RUSH DEFENSE: A-minus -- the 49ers once again did a good job stuffing the run, and New York's total of 93 yards on the ground seemed to belie the impact New York's rushing attack had on the game. Lead back Brandon Jacobs had a 15-yard run, but he averaged just 3.1 per carry as the Giants stubbornly tried to keep their offense balanced with the run despite never really establishing much effectiveness on the ground. Once again, the 49ers did not allow a rushing touchdown and stretched their streak of not allowing a 100-yard rusher to 31 consecutive games. Inside linebackers NaVorro Bowman and Patrick Willis combined for 25 tackles and prevented the Giants from popping runs into the second level.
SPECIAL TEAMS: A-plus -- Another terrific, complete all-around performance that had a major impact on the winning outcome for the 49ers. Kicker David Akers was magnificent with six kickoffs into the end zone, four touchbacks, four field goals – including a 52-yarder – and a perfectly-executed onside kick that couldn't have been placed any better. Akers even made a tackle. Punter Andy Lee had an outstanding 50.7-yard net average on his kicks, and specialty units helped the Niners dominate the battle for field position. New York's average starting spot on its 10 drives was its own 19-yard line. The 49ers started their 11 drives at their 35. That's a huge disparity that helped lead to victory after giving the Giants long fields to navigate all afternoon.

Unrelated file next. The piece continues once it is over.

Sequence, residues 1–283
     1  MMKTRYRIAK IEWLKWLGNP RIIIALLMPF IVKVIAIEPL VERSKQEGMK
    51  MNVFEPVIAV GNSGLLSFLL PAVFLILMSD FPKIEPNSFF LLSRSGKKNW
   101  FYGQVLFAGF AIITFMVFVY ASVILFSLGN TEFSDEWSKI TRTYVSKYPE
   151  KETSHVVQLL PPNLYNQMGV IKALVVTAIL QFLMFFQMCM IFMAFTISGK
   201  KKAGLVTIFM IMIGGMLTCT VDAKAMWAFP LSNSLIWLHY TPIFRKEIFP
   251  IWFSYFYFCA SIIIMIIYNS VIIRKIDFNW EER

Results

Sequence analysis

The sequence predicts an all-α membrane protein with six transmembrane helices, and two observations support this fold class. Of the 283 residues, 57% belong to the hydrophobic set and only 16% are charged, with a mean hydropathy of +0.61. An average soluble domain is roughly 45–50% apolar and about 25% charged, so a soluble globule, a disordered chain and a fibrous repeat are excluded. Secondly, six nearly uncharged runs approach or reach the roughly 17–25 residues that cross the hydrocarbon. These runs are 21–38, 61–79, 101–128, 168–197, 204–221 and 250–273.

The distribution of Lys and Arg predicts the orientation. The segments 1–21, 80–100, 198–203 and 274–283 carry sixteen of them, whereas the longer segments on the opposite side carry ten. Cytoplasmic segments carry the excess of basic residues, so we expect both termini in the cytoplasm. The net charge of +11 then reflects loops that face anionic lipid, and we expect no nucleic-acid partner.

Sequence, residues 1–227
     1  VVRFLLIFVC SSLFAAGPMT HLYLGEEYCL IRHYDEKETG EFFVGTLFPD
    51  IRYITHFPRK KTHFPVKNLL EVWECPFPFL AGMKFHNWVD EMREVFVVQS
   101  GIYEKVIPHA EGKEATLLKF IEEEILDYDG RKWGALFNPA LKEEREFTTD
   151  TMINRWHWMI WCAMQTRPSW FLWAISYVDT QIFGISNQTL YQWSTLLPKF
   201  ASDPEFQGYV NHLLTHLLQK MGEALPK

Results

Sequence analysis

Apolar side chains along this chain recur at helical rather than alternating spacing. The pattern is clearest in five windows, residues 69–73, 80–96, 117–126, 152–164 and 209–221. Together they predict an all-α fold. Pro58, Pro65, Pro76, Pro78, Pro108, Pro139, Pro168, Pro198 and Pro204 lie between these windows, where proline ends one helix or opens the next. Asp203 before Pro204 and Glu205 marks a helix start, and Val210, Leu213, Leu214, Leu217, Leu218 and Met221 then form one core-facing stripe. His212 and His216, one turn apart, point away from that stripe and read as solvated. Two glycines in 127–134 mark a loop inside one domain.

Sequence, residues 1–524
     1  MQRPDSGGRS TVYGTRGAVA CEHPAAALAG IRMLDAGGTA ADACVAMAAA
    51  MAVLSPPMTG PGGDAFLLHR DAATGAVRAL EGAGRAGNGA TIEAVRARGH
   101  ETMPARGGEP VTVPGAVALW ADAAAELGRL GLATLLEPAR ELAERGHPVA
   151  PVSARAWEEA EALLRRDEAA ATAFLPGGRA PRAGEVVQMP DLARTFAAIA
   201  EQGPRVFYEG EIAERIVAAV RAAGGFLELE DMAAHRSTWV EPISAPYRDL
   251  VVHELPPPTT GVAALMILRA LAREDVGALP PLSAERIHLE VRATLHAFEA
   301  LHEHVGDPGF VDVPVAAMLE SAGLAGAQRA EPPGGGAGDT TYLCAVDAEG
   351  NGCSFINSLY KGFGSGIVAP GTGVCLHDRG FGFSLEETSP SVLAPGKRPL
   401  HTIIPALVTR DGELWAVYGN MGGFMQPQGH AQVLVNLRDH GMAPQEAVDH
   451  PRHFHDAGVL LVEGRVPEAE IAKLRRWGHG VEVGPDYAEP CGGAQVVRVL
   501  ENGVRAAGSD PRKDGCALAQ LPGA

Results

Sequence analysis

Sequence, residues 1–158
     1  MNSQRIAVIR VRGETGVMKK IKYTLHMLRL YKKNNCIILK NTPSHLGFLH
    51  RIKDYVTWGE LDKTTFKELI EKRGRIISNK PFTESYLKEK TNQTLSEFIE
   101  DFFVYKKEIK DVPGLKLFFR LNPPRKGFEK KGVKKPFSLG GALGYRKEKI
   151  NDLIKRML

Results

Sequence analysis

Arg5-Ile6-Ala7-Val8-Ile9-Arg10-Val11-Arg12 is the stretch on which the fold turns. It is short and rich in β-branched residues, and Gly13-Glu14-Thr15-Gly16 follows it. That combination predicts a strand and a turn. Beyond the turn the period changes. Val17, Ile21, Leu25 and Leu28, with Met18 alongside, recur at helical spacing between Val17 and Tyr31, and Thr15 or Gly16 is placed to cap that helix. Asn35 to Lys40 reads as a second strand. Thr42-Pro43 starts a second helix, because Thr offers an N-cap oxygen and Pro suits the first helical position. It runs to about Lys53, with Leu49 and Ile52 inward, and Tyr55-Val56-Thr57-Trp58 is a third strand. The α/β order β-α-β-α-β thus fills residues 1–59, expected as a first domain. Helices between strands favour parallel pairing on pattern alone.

COACHING: A -- It was a great game plan to put Smith in the driver's seat and coaches again dialed up an effective strategy to neutralize what an opponent does well. The onside kick also was a brilliant move that caught the Giants completely off guard and led to San Francisco taking its first lead. Once again, it was a total team victory for the 49ers, with coaches putting their players in a position to be successful against a quality opponent.
Cardinals report card: Arizona 21, Philadelphia 17
PASSING OFFENSE: B -- Quarterback John Skelton was far from perfect. He had two bad interceptions, and he missed some other open receivers. However, he had three touchdown passes and made other good throws. He had decent protection, partly because the Cardinals went to max protection more often than usual.
RUSHING OFFENSE: D -- Beanie Wells rushed 23 times for 62 yards, but he looked quicker than he had in more than a month. He just didn't have much room to run. The offensive line appeared to blow too many assignments.